Martha Jane and Me
Today, television interviewer Mavis Nicholson regularly rubs shoulders with the famous. As a girl in south Wales in the thirties and forties, she dreaded her friends finding out how closely she rubbed shoulders with Martha Jane, the grandmother whose large feather bed she had to share until she left home.
Mavis’s funny and delightfully different childhood memoir conjures up her vanished world at 5 Mansel Street, Briton Ferry, the small terraced house crammed with grandparents, parents, brother and sister. She describes with humour and affection the daily round of work and play – the street games with friends, outings with the flamboyant Martha Jane, visits from the vegetable cart and the cockle lady, her grandfather’s drunken exploits, her father’s job at the steelworks, and her mother’s gentle influence over them all.And with infectious delight she evokes the weekly highlights of the Kinema and Jerusalem Chapel, dates with boys, and the gradual awakening to life beyond the Ferry…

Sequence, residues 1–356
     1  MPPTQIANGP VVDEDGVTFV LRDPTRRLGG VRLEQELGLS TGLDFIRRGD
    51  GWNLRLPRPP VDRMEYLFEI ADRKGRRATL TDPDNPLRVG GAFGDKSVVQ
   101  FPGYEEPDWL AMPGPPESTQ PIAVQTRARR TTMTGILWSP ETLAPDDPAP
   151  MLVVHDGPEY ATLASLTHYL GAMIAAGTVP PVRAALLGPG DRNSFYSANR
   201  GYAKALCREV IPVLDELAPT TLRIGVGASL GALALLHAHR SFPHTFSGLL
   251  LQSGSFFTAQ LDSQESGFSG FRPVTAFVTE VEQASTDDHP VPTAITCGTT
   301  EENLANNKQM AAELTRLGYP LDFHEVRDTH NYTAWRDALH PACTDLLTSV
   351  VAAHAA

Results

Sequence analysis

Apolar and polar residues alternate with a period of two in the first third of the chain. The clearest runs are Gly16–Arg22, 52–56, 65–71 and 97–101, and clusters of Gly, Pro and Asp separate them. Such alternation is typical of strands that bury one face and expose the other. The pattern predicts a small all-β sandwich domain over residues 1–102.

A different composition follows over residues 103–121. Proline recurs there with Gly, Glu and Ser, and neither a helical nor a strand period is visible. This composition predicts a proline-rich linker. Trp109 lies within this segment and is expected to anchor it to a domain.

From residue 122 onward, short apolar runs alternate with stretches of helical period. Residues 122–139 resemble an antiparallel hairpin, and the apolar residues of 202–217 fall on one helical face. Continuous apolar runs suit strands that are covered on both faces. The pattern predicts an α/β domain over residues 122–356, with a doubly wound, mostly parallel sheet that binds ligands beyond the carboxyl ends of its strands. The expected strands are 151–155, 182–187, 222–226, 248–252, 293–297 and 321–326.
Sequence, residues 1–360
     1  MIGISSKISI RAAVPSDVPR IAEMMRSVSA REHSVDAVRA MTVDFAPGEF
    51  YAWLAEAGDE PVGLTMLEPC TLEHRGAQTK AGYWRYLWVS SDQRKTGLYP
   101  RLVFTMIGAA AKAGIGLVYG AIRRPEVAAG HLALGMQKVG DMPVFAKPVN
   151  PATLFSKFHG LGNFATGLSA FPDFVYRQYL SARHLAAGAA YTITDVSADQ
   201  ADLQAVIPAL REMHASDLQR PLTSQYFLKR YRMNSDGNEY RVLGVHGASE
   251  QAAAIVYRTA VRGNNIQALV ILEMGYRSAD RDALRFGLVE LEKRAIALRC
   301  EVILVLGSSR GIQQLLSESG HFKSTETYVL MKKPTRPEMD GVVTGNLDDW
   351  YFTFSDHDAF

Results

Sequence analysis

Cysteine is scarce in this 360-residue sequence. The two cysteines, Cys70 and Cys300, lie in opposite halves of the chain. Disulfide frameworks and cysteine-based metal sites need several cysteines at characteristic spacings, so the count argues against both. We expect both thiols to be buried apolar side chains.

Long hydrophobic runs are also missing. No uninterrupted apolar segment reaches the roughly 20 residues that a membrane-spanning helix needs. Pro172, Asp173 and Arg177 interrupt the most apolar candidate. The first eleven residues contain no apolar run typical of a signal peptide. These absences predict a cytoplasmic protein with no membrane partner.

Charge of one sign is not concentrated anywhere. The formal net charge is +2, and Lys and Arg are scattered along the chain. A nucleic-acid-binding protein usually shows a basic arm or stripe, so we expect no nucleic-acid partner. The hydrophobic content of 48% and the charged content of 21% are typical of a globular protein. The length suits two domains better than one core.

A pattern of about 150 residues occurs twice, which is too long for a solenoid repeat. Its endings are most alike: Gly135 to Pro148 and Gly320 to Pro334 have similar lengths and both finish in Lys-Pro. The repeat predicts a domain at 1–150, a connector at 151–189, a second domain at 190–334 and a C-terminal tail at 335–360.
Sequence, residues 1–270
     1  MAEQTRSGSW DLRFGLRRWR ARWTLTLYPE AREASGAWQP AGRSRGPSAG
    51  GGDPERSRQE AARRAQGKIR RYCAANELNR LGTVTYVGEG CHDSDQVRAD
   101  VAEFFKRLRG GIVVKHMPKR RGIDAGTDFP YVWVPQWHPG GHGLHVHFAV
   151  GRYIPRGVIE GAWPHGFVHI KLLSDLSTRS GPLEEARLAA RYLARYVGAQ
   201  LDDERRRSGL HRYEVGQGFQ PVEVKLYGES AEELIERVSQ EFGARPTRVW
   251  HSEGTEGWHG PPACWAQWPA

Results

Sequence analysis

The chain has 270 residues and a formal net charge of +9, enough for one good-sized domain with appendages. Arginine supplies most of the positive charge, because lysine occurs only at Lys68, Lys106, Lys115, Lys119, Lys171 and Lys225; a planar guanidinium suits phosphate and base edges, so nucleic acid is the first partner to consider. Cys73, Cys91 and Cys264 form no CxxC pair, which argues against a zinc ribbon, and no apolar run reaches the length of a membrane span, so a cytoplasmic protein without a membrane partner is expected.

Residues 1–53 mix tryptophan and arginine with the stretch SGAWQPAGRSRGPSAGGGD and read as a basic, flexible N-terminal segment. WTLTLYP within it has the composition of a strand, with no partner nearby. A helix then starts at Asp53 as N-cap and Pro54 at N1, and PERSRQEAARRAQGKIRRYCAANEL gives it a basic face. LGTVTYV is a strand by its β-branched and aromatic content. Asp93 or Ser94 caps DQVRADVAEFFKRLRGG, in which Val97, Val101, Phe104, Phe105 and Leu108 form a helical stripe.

Above all she recalls the bittersweet memories of her possessive, baleful, increasingly jealous grandmother, who fed Pop, her husband, separate meals, surreptitiously sold her daughter’s piano and regularly drove her son-in-law to seething exile in his garden shed – Martha Jane, the dominant influence in Mavis’s young life.
Mavis’s Nicholson’s autobiography is an enchanting account of the joys and agonies of girlhood, and an unforgettable portrait of a community, its characters and a way of life seventy years and a world away.
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